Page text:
Buck was a beautiful, close to two year old German Wirehaired Pointer that was brought to me for retriever training. The pointing breeds are some of the prettiest dogs out there, and Buck was no exception. Tall, athletic, and one of the best personalities you could ask for in a dog. He was eager to please!
The biggest problem with Buck was that he had practically no retriever training. And when you have a dog that old, that can be an issue. The best thing you can do for a retriever is to make retrieving fun for him when he is a pup. Hallway retrieves or backyard tennis ball throws will help to make the dog love retrieving and build his desire for it.
When that young pup brings back that short hallway retrieve for you and you praise him so much and love all over him, it will build that drive for him to want to do it over and over again.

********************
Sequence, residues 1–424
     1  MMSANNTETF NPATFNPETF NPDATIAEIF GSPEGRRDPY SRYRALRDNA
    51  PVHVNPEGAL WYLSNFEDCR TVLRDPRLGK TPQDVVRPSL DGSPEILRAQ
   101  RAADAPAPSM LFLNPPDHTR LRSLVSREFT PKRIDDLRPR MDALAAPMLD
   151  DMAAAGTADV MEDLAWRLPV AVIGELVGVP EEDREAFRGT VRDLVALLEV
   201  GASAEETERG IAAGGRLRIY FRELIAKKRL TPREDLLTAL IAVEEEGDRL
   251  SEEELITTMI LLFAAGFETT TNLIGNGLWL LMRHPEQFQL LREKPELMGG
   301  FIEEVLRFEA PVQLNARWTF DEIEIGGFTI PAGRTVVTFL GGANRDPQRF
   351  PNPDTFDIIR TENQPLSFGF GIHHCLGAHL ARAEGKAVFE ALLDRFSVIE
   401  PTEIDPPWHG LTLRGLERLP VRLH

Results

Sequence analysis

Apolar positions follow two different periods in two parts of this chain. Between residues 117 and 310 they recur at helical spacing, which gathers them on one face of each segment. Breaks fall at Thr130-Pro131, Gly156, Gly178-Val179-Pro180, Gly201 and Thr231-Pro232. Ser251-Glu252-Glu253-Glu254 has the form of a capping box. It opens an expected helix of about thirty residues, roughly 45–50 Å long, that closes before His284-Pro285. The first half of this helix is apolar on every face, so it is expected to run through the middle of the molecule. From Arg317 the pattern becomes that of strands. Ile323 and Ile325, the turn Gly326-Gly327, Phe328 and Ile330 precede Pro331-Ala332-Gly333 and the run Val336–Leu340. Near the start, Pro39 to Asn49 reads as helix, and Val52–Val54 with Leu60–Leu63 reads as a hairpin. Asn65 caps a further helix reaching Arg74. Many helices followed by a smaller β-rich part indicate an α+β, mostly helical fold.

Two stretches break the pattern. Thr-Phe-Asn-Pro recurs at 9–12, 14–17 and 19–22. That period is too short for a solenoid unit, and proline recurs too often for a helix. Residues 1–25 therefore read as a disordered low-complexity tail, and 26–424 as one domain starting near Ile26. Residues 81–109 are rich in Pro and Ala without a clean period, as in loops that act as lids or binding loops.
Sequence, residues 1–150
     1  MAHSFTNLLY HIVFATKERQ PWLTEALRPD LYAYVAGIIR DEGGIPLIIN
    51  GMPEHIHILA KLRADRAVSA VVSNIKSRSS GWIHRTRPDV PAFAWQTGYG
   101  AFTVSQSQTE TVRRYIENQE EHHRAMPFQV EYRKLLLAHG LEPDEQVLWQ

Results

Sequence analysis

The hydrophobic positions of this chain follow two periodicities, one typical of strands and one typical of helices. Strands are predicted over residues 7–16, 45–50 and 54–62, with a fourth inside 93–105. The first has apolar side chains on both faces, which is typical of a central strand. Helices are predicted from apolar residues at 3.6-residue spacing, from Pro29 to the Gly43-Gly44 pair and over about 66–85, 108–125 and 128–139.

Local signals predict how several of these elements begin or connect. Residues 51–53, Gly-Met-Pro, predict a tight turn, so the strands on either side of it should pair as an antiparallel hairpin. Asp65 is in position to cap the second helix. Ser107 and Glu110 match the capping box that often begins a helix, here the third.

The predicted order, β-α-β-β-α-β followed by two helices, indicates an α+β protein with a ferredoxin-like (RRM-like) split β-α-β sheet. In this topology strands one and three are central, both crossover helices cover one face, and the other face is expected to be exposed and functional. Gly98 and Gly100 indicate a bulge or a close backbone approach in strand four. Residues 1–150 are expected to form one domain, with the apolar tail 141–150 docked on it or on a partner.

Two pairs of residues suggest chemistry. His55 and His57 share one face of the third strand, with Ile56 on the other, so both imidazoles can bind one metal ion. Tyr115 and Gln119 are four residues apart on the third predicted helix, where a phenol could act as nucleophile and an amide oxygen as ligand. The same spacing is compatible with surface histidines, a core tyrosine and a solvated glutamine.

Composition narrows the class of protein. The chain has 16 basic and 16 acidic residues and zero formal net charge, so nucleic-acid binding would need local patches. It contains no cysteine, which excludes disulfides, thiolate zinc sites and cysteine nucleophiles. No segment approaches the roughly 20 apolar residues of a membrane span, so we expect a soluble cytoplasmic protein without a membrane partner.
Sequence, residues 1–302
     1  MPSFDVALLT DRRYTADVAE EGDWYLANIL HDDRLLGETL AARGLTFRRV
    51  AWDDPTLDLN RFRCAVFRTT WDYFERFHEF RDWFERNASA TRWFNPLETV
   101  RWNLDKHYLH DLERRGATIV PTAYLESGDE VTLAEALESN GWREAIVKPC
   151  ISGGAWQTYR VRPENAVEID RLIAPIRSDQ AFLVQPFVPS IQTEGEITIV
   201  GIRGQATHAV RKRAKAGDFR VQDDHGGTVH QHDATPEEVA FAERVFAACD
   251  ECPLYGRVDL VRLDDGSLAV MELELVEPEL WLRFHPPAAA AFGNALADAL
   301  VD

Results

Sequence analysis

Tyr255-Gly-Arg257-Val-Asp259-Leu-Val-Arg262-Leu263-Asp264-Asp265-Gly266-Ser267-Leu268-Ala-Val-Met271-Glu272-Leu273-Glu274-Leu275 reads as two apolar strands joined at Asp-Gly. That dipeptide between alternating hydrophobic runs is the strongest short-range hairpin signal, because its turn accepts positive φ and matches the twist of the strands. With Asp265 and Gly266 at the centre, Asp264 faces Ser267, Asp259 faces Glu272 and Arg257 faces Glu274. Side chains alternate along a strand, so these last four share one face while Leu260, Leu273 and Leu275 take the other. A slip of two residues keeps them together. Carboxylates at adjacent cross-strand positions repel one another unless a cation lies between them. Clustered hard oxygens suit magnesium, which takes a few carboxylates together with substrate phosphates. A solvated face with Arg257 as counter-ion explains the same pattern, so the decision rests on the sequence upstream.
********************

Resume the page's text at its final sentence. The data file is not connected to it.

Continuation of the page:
But when that process has been skipped, or even just shorted, it makes training the retrieving skills more difficult. Not impossible, but more difficult nonetheless.
Buck had had a little retriever work, but not enough to get him to really understand what he was supposed to do. But Buck was eager to please, and that helped him out tremendously. He was kind of goofy and awkward at first, but I treated him just like I would a young pup. When he did it right, I acted like he just did the greatest thing ever! Lots of praise, petting and “Good boy!”s. Pretty soon, he figured out what it took to get all of that praise and attention, and that made him very excited for the retrieve and the praise that was sure to follow.
That is not to say that I did not have to make corrections to Buck. He needed lining out on walking at heel, steadiness, and eventually Force Fetch, once we got to that point. But after I had to make corrections to him, I made sure and always took a step back and did something I knew he would do correctly, and gave him the praise he desired. That kept his drive high and his focus on pleasing me.